[OT] memory management -- was Re: itoa'd you so?

Levi Pearson levi at cold.org
Wed Sep 19 17:00:59 MDT 2007

Michael L Torrie <torriem at chem.byu.edu> writes:

> Manual memory management is often, in my opinion, a huge plus of C and
> C++.  With reference-counting smart pointers and destructors, memory
> management in C++ is very straight-forward, fast, and safe.  Just
> understanding a bit about how C++ does scoping, and you can very easily
> build and destroy entire data structures all without a single leak and
> without having to rely on a garbage collector.  Not saying a GC is bad;
> simply that it's not always necessary.

Reference-counting smart pointers and destructors aren't really manual
memory management, though.  Reference-counting is a simple automatic
garbage collection algorithm.  It's got advantages, especially that
its operation is deterministic and fairly simple, but also
disadvantages such as the need to maintain reference counts, which can
actually add signficant overhead.  Of course, in C++, you'd simply not
use them where that overhead would matter.  You can also link in a
conservative garbage collector, if you'd like.  This flexibility is a
double-edged sword, in my opinion.  C++ is hugely complex and has a
myriad of ways to do things, so it's really a tool that requires deep
knowledge of the language, available libraries, and best practices to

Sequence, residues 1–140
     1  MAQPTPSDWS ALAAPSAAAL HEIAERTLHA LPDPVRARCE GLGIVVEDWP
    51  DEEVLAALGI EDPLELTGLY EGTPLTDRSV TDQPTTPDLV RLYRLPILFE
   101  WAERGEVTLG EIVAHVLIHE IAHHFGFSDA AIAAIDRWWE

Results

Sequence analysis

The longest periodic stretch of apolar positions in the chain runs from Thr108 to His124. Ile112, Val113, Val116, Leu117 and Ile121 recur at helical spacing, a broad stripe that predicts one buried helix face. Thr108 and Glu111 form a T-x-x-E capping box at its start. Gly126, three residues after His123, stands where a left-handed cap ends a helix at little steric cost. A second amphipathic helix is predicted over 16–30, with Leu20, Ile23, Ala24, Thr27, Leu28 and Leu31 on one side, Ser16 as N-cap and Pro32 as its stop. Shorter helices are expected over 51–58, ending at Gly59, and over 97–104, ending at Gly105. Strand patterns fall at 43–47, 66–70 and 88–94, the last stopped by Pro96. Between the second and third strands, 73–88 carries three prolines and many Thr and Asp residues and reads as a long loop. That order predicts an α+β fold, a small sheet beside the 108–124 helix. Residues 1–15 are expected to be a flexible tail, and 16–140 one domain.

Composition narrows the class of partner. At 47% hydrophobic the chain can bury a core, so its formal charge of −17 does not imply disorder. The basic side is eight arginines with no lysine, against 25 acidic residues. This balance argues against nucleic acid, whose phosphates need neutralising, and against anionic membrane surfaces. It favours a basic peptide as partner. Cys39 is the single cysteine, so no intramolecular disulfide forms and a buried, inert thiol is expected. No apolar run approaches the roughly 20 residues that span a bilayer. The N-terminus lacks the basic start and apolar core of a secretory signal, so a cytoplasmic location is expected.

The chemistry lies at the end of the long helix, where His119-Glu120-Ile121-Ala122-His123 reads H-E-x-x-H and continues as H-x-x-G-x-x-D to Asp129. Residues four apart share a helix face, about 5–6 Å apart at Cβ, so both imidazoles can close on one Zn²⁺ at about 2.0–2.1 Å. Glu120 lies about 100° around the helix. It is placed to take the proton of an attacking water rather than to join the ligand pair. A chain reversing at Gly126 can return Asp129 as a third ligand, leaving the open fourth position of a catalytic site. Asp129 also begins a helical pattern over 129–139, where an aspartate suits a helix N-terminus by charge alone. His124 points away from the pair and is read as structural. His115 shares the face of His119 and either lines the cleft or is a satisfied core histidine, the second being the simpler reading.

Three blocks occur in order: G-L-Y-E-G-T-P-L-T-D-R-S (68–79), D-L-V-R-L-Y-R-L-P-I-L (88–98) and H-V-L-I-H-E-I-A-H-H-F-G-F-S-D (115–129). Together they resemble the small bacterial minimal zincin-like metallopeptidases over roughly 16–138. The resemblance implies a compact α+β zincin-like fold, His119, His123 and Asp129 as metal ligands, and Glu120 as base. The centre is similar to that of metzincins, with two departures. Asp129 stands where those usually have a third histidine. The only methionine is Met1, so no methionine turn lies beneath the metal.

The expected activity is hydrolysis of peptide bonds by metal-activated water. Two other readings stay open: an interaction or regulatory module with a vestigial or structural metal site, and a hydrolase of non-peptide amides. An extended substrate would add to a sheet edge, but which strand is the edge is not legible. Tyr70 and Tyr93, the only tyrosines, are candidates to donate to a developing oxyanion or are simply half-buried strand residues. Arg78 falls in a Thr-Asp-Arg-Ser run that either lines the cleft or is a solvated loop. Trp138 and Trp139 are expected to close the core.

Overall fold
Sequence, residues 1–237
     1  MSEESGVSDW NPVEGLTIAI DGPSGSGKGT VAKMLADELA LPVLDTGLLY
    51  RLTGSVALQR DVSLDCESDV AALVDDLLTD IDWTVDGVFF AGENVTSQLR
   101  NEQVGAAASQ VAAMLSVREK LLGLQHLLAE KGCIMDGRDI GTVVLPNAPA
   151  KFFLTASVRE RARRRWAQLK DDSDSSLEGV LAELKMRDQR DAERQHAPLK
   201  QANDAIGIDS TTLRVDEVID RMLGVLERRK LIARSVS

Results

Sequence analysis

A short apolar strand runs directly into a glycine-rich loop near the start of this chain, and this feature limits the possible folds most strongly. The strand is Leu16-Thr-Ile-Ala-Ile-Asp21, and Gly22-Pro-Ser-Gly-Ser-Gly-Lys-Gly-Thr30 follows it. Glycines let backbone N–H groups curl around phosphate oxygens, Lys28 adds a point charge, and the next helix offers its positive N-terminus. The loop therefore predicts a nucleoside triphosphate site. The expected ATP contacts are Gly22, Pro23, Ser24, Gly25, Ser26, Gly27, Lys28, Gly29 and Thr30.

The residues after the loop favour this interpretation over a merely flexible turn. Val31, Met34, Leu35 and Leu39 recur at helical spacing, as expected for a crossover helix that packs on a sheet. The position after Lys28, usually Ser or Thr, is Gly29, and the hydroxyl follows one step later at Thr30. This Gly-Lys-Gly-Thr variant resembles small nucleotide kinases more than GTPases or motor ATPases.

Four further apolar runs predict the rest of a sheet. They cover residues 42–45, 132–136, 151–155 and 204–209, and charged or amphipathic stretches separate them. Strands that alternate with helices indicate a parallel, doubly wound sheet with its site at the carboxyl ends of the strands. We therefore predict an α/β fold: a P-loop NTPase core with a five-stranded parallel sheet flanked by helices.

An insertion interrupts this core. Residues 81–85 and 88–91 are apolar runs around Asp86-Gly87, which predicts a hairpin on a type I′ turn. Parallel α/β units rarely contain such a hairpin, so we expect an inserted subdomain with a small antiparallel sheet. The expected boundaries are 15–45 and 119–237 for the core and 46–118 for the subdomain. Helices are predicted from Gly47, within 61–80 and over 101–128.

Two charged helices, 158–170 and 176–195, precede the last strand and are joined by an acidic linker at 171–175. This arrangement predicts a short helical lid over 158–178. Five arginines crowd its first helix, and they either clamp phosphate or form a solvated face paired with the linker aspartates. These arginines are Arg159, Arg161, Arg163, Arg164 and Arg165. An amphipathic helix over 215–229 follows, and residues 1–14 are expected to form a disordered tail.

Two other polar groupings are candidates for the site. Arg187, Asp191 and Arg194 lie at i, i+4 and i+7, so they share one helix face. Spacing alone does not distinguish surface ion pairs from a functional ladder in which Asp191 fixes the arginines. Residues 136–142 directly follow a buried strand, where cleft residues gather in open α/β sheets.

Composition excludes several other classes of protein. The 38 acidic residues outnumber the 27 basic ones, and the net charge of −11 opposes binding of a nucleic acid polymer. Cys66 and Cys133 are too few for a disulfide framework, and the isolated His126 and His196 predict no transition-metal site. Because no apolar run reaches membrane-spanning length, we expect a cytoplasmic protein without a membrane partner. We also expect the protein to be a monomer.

use well.

> With only a few caveats, C++ programmers can easily move to programming
> in Java and dealing with the GC dropping references right and left.  But
> it rarely works the other way.  9/10 core dumps in the BYU CS 240 class
> are because of Java.  It pollutes C++ programmers like nothing else!
> One of the caveats for C++ programmers is the way that C++ guarantees
> destruction when an object goes out of scope, especially when you rely
> on the side effects.  Guaranteed destruction doesn't translate directly
> into Java, although the "finalize" keyword can help (if I recall
> correctly).  A good article on the idea is at
> http://royontechnology.blogspot.com/2007/01/deterministic-destruction-of-objects-in.html

Everyone (who wants to be a Real Programmer, at least) needs to learn
how memory allocation works sooner or later.  It's not Java's fault
that it doesn't teach memory allocation.  People who learn C++ as a
first language make a lot of segfaults, too. :) If you haven't learned
how memory allocation works yet, you're not yet a C++ programmer, so
you're not 'polluted', you're just a neophyte.

> It's always fun to catch java-isms in C or C++ code, the most prominent
> one is the "type var = new type" expression, which is often used where a
>  static declaration would be far better (in C or C++).  Of course using
> smart pointers (reference-counting objects that hold a pointer), the
> paradigm for use is much more java-like.

Then you have to watch out for subtle interactions with STL containers
and such, if I remember correctly.  One of the disadvantages of having
so many different ways of doing things is that not all the ways are


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